Survival Strategies for Businesses

Survival strategies to help businesses get through the rapid fluctuations of business cycles. Take the following business survival strategies to insulate your business in the event of tough times.

1. Non-growth Strategies

A non-growth strategy refers to that strategy where there is no growth in earnings. This does not necessarily mean no turnover. A company might pursue a non-growth strategy, if it saw its non-economic objectives as more important than its economic objectives.

The primary reasons for adopting a non-growth strategy may include,

  • Pressure from public opinion;
  • Maintain an acceptable quality of life;
  • Lack of enough additional staff with sufficient expertise and loyalty;
  • Enable the owner-manager to retain personal control over operations; and
  • Dis-economies of scale of the particular production set-up.

In certain cases, there could even be negative growth, by paying out dividends larger than current earnings, so that shareholders are effectively receiving a refund of their capital investment, and there is a net fall in assets employed. A negative growth strategy can be adopted in pursuit of an objective to increase the percentage return to the shareholders — if the company pulls out of the least profitable areas of its operations first, it will increase its overall return on investment, although the total investment will be less. The negative growth strategy consists of an orderly, planned withdrawal from less profitable areas, and while the shareholder’s dividend may eventually decline, his return can rise since the capital invested also falls. If the company simply runs down, his return will also fall.

2. Corrective Strategies

A non-growth strategy certainly does not mean that the company can afford to be complacent. A considerable amount of management time should be devoted to consider the actions needed to correct its overall strategic structure to achieve the optimum. This involves seeking a balance between its overall strategic structures to achieve the optimum. This involves seeking a balance between different areas of operations and also seeking the optimum organization structure for efficient operation.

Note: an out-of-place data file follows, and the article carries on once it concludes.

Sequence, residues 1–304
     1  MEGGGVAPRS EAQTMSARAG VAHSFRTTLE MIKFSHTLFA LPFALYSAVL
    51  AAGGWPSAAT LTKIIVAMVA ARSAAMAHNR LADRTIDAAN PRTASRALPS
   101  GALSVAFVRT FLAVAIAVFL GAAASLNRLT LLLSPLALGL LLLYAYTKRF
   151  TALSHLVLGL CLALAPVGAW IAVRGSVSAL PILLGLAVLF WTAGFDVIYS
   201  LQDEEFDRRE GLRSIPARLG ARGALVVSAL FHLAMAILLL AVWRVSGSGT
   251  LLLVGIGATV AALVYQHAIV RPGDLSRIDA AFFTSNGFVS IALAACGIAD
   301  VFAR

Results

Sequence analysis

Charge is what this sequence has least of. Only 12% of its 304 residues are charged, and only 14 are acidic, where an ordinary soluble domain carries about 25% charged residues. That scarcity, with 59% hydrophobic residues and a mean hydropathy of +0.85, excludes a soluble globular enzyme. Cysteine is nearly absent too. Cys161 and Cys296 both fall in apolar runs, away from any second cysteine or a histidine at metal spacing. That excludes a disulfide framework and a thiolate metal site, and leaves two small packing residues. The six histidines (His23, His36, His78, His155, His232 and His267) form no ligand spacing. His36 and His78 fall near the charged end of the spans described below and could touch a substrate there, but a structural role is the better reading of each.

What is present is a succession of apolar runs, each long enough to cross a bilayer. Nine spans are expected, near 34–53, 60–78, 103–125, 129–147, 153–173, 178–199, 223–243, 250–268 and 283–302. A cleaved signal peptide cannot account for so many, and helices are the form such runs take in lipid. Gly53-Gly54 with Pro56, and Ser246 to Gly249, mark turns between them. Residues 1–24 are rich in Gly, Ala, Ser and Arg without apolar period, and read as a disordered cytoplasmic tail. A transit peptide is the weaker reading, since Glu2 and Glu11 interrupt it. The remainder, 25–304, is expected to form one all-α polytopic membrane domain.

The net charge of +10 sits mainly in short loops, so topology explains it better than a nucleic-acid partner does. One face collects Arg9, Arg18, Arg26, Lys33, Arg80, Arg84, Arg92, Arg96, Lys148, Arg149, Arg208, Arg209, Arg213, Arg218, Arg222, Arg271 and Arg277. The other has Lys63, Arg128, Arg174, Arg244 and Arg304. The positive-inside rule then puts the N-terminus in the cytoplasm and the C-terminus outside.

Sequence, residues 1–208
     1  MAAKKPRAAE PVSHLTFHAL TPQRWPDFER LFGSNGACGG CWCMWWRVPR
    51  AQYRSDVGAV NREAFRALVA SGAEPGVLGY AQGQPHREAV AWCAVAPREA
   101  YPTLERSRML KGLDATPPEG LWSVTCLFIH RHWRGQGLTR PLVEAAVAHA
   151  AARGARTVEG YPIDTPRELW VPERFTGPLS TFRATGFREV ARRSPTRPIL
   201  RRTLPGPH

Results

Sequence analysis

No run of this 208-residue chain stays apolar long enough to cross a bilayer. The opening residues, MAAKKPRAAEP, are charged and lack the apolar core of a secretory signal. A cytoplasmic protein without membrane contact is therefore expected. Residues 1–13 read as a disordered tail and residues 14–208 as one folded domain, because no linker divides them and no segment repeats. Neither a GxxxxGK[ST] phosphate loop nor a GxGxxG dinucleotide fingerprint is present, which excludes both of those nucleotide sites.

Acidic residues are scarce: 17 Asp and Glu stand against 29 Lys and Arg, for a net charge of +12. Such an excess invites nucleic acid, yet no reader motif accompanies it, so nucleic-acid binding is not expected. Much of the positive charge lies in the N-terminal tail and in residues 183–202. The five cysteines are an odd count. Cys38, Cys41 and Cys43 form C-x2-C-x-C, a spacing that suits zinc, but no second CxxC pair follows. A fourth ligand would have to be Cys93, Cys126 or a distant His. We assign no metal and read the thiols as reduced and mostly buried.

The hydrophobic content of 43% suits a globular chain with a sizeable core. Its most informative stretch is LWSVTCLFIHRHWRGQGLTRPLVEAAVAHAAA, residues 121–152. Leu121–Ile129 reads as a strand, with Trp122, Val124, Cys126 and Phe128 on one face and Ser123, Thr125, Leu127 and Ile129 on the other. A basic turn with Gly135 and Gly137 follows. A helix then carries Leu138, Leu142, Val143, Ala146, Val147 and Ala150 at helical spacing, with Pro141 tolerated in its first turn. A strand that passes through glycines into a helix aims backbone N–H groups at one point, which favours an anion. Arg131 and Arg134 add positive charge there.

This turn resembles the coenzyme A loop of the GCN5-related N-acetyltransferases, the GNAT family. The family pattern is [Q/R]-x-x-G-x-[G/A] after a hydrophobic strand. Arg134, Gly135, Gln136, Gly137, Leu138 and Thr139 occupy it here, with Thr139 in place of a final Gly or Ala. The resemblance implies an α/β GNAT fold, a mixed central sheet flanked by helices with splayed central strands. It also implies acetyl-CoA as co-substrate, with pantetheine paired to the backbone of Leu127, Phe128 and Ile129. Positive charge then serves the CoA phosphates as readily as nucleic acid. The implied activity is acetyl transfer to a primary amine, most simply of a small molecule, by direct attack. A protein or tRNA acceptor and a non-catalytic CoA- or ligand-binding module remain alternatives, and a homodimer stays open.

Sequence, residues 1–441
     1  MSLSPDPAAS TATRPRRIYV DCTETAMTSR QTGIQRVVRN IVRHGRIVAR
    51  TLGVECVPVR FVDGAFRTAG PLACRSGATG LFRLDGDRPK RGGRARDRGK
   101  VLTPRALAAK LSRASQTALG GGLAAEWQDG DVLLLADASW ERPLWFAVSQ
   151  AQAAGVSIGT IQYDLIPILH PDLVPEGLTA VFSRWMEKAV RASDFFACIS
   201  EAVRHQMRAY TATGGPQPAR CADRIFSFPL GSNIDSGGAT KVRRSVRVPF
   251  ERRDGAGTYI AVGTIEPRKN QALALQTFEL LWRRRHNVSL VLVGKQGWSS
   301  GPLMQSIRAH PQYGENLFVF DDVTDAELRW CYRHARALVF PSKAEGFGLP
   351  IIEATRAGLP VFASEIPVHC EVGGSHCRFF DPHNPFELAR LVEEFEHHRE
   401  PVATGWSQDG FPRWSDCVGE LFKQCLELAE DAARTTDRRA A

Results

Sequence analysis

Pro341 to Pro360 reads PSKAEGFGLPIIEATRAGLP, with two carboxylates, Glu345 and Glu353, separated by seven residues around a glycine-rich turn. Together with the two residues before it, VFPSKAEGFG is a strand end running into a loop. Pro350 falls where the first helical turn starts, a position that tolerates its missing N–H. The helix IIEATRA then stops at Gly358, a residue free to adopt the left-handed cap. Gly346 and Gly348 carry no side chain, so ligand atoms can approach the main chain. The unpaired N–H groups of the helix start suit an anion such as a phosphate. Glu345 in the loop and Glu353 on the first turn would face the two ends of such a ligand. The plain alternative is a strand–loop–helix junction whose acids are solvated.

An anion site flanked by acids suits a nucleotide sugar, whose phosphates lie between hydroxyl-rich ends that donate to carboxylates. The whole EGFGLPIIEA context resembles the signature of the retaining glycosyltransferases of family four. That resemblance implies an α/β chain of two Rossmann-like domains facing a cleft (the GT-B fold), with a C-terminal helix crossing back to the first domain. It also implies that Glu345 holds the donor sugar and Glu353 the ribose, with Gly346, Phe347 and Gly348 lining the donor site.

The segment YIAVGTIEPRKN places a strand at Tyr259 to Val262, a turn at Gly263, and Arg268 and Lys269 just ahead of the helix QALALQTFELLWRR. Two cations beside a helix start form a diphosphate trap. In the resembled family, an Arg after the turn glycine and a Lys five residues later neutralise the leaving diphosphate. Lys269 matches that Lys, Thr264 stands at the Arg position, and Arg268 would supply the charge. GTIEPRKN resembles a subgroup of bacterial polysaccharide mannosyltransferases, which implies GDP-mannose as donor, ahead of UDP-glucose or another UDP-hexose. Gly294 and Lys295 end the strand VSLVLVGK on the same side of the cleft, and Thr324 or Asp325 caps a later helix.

Thus although there is no overall growth (or negative growth occurs) the company will shift its product market position, employ its resources in different fields and continue to search for new opportunities. In particular, the company will aim to correct any weaknesses which it has discovered during its appraisal. For this reason the term corrective strategy is also used. A non-growth strategy is bound to be a corrective strategy, but a corrective strategy can also be used in conjunction with, or as one component of, a growth strategy.

3. Risk-reducing Contingency Strategies

A company faces risk because of its lack of knowledge of the future. The extent of the risk it faces can be revealed by the use of performance-risk gap analysis, where forecasts of the outcome in n years’ time takes into account not only the likely return but also the risk involved. While on the subject of risk, it should be remembered that although it is desirable to reduce risk, risk is inevitably involved in any business. In fact there are different ways of looking at risk.

  • Risk which is inevitable in the nature of the business; this risk should be minimized as above.
  • Risk which an organization can afford to take. In general, high return involves higher risk and a company which is in a strong position might be prepared to take a higher risk in the hope of achieving a high return.
  • Risk which an organization cannot afford to take. A company cannot afford to commit penny (and perhaps an overdraft as well) to a risky project. In the event of failure it would be left in an extremely vulnerable position and could even face winding up.
  • Risk which an organization cannot afford not to take. Sometimes a company is forced to take a risk because it knows that its competitors are going to act and if it does not follow it could be seriously left behind.

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